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What if the Yankees played in a Little League Stadium?

We put the the Yankees in four scenarios to see how unique dimensions would affect them.

2011 Little League Baseball World Series Photo by Rob Carr/Getty Images

Several of us here at Pinstripe Alley have been using MLB the Show and Out of the Park Baseball to simulate the season that would be happening, or run some experiments in this time without live MLB action. OOTP in particular is great for seeing who would win a tournament of all-time great Yankees teams, or what would happen if Eduardo Nunez was turned into a superhuman.

In the haze of staying up late to watch KBO games, I came up with another idea: what would happen if the Yankees played in a little league stadium? Thankfully, OOTP can sort of answer that for us. So, I put the 2020 Yankees in four different scenarios with strange home field dimensions, and here’s what happened.

What if the Yankees played on a little league field?

After breaking the single season team home run record in 2018, the Yankees did it again in 2019. However, they no longer actually hold the record, as the 2019 Twins actually finished last year with more. One way to ensure the Yankees (or any other team) would break the record would be to play with fences at a little league distance.

Our first experiment was to change the distance to all fields to just 225 feet, which is what they are at Lamade Stadium in Williamsport, PA aka the home of the Little League World Series.

Unsurprisingly, the Yankees smashed the record, hitting 840 home runs as a team. Five different players broke the single season home run record, led by Giancarlo Stanton hitting 139. Four broke triple digits, including Aaron Judge, who only played 138 games after missing the start of the fictional full 2020 season. Gleyber Torres had the wildest home/road split, hitting 103 of his 115 at home.

As for the pitching side of things, all but two Yankees posted ERA figures over five. Gerrit Cole was the only pitcher to throw over 200 innings, keeping his ERA at a respectable 4.35. Poor Tommy Kahnle allowed 5.4 home runs per nine innings.

As a team, the Yankees tied the Astros for most wins in MLB with 105, but lost in the ALCS to Cleveland, allowing 47 runs in three home games in that series.

What if Yankee Stadium was 500 feet to all fields?

On the other hand, what if we made it near impossible to hit home runs? In addition to needing a moonshot to ever reach the wall, all fences have also been made 50 feet high.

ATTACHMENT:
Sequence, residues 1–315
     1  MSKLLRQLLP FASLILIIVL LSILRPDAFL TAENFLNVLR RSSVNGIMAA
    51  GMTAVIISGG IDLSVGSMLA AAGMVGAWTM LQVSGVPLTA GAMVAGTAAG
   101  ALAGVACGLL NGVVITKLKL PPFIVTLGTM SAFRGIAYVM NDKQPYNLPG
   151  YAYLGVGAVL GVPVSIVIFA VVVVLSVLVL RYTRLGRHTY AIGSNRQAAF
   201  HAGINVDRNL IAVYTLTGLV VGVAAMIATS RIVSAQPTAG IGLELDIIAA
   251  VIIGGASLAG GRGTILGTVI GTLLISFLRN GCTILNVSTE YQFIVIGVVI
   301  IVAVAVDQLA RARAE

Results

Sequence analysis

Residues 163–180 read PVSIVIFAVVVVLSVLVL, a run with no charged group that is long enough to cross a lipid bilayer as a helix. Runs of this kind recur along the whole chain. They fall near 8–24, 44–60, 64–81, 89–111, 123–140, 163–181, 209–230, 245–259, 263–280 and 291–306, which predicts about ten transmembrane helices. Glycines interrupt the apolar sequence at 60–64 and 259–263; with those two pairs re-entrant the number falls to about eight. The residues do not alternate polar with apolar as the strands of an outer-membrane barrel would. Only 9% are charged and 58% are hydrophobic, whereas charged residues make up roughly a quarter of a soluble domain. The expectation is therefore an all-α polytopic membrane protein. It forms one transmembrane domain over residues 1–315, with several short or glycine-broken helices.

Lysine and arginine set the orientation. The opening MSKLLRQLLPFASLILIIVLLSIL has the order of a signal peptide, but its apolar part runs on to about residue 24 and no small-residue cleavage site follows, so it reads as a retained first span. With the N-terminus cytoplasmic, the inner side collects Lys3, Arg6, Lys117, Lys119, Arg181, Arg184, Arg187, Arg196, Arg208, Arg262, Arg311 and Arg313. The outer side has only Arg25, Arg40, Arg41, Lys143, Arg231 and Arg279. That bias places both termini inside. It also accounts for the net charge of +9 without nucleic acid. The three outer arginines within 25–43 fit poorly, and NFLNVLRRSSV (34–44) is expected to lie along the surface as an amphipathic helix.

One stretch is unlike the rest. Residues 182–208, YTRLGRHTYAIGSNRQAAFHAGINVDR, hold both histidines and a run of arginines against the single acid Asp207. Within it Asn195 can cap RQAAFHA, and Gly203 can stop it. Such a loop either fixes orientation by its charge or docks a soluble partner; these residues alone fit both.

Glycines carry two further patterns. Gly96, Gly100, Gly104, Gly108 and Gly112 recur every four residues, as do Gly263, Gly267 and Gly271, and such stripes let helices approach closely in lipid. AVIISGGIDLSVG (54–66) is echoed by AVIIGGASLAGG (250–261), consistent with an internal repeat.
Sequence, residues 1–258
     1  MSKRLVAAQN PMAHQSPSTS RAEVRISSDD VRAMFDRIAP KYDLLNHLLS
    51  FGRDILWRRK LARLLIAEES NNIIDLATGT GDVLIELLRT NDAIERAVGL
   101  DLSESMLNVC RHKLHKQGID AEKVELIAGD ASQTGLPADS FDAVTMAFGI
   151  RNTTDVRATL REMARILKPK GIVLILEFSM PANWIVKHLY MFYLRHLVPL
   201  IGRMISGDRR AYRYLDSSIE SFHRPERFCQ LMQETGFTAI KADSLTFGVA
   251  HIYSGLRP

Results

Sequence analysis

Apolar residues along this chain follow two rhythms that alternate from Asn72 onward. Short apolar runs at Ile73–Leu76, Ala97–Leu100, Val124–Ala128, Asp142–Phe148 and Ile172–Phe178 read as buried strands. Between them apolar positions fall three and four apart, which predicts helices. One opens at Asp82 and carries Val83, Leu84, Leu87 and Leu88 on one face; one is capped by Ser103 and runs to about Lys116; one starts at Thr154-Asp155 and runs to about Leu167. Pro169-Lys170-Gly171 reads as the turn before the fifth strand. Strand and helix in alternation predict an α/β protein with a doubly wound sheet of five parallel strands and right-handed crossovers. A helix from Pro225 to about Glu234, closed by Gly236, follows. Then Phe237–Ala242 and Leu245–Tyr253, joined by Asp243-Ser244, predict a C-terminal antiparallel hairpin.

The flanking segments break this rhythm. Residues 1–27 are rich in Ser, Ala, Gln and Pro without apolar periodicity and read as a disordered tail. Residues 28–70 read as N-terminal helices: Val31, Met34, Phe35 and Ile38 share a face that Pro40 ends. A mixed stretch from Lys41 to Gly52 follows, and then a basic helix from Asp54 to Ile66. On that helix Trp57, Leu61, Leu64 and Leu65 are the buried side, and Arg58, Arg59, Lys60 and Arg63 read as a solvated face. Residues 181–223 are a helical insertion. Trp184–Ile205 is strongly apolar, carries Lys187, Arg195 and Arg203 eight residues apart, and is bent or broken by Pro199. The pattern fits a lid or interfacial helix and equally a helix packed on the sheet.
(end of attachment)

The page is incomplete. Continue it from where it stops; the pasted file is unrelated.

As you might expect, home run numbers took a pretty dramatic dip. Stanton led the team with 30, 25 of which came on the road. However, other than that, it didn’t massively affect the Yankees’ offense. Instead of home runs, the team just picked up a lot of hits in general. Gleyber Torres hit .429 with 201 RBI, while DJ LeMahieu recorded 310 hits on the season and also broke the .400 batting average barrier. As a team, they hit 929 doubles. They did also lead the league in triples, but not by as much as you might expect.

It also really messed with the pitching staff. Cole again was the only one who had any sort of success, putting up a 132 ERA+. Poor Masahiro Tanaka allowed just 1.1 HR/9, the best since his rookie season. Instead of his home run bugaboo, he allowed 13 hits per nine and had an ERA over seven.

In the playoffs, the Yankees lost in six to the Braves in the World Series. Also for some reason, Ken Giles ended up on the Yankees in this simulation.

What if the Yankees played in the Polo Grounds?

Before moving into a home of their own, the Yankees played several seasons at the Polo Grounds. The stadium was where the Giants played from 1891 to 1957, when they moved from San Francisco. It was also a long-time home of the NFL Giants, leading to it’s odd shape. It was less than 300 feet to either foul pole, while dead center was 483.

If you put the 2020 Yankees in the Polo Grounds, it doesn’t seem to have as massive an effect. Giancarlo Stanton, Gleyber Torres, and Gary Sanchez all have good seasons, but also ones they could very easily put up in Yankee Stadium. Aaron Judge does suffer a bit of a hit, putting up just a 117 OPS+. There wasn’t any massive increase in triples as Brett Gardner led the team with five. The pitching is also close to something that you might expect in real life.

The Yankees also fall in the ALDS to Houston. On the whole, the Polo Grounds experiment was a disappointment.

What if the Yankees played in Steele Stadium?

If you’re unfamiliar with the the late 90s/early 00s video game series “Backyard Baseball,” you’ll be unaware of Steele Stadium.

The game features major league players as children as part of a fictional league played in places like backyards and parking lots. Steele Stadium is often the go-to field to play on for many people, as it features a short porch in center field. I used OOTP’s editor it get it to as close an approximation as I could.

This one took some getting used to for the Yankees as they hovered around .500 well beyond the halfway point of the season. They need a game 163 win over the Blue Jays to sneak into the playoffs as the second Wild Card.

The Yankees did not seem to take advantage of their new center field short porch. Gleyber Torres led the team in home runs with a very normal 41. Meanwhile, Mike Tauchman and Aaron Hicks found it tough to play in the field, both grading as negative defenders in center.

The Yankees fell in the ALCS to the Rays, scoring just one run in a series clinching loss at home.

Now that we’ve seen how the theoretical 2020 Yankees would do in some strange environments, what other strange dimensions would you like to see them play in?